sits at the upper end of a high elevation basin in the San Juan Mountains
, ringed by ridgeline peaks to the north, west and south, the highest 13,661 foot Lookout Peak
. As its name suggests, the rocky land around the lake is filled with Colorado columbines
in the summer, along with many other wildflowers, blooming most strongly from mid July to the end of August. The surroundings are tundra - stony terrain with short grass and shallow soils, yet this supports a good diversity of plants, including several uncommon species.
The little-used, dead-end path to the lake is 3.3 miles in length, climbing 2,325 feet, and has three distinct sections. The first third is steep, switchbacking through pine woods, the middle section rises above the treeline ascending more gradually through an Alpine basin then more sharply up to a saddle, while the last part is much less steep, traversing a tundra slope high above the adjacent valley of Mill Creek, to the upper basin containing the lake. Views are consistently spectacular once out of the trees.
The lake itself has a beautiful turquoise-blue color, similar to the better known Ice Lake
4 miles south, and is a good fishing location, for brook trout. The place is usually accessible to regular hikers towards the end of June, since large snow fields persist until then.
One reason for the relative lack of visitors is the rather hidden trailhead - although close to US 550 along Mineral Creek valley, 5 miles south of Red Mountain Pass
, it is located along a dirt track on the opposite side of the creek, which can be difficult to cross early in the season because of snowmelt.
The trailhead is halfway along FR 820, a short (1.8 mile) track that leaves US 550, heads north very close to the highway for half a mile then fords the creek, climbs a bit and turns back south, ending at a junction with Ophir Pass Road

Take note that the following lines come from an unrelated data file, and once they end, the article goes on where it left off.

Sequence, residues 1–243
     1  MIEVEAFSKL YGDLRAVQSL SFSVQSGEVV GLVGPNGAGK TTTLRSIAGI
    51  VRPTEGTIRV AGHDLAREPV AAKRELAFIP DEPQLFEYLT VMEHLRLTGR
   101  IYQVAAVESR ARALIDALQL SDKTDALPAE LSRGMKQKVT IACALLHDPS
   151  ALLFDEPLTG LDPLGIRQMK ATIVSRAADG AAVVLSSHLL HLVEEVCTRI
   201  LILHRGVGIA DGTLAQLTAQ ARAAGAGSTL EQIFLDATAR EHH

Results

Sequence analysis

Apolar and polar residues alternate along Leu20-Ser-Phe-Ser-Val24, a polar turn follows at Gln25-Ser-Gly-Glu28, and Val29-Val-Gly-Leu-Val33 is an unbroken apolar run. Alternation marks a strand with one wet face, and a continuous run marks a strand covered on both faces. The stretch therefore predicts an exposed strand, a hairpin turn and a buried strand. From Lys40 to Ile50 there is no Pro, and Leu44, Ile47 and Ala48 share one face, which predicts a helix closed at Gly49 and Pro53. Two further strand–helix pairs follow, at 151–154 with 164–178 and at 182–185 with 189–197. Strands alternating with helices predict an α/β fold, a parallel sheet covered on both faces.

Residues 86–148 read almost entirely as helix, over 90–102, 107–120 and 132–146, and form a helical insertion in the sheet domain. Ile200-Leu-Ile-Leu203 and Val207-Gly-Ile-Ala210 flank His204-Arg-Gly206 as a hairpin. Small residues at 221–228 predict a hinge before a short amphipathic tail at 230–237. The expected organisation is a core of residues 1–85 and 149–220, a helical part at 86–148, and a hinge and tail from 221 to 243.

, a much wider track that crosses the creek on a bridge. The trail is best approached from the south end of the track, though parking is limited and the track is not suitable for larger vehicles, so another option is to park either on US 550 or Ophir Pass Road and walk to the trailhead. For the former option the distance can be shortened slightly by using a cut-off trail. The actual start point is not so obvious; a narrow path into the woods marked by small sign with a trail number, 509, about 800 feet south of the spoil heaps from Imogene Mine
, a minor, disused operation. Depending on the route, walking to the trailhead from either of the two parking places involves an extra 0.3 to 0.7 miles, and up to another 200 feet of climbing.
The path starts off in pine forest and climbs steeply, with switchbacks, initially short, becoming longer as the gradient lessens somewhat. Views are restricted by the tall trees growing close together. The forest is rather dry, with no streams or seeps, so wildflowers are also limited. Eventually the trees become more widely spaced, and shorter, so the views improve, the patches of sky above become larger, and the path levels out, crests the brow of a little hill and approaches a meadow beside the (unnamed) stream that drains the basin above. Residual snow can persist quite late in the season hereabouts.
The Lower Basin
The forest ends abruptly not far beyond the meadow, and the path leaves the shady trees and enters a broad Alpine basin, framed by smooth slopes at either side, increasingly rocky higher up. Behind, to the east, is a grand vista across Mineral Creek valley towards countless other peaks and ridges in the central section of the San Juan Mountains. The trail is now straight, no more switchbacks, heading up the basin, crossing the creek once and alternating between almost level sections and short, steeper parts, on to the head of the valley, where it curves northwards, traverses a talus field and reaches a rocky saddle, below two minor peaks - a divide between the basin and the valley of Mill Creek to the north.
Path to the Lake
The last third of the path is the easiest as from the saddle it becomes almost level - traversing a broad slope, gradually bending westwards, running below a narrow, jagged ridge to the south and within sight of a similar crest to the north, on the far side of Mill Creek, this centered on a narrow summit known as Telluride 11 Peak. The path crosses a little drainage, some boggy places and extensive tundra meadows, the surroundings becoming rockier towards the end; a patch of scree followed by exposed granite, before arriving at the east shore of the lake, which is a quarter of a mile across and quite easy to follow along its northern slopes, but not to the south as the sides are too steep. The water has a beautiful turquoise color due to suspended sediment from melting snow, and it is relatively easy in some places to climb the enclosing ridges, for even better views.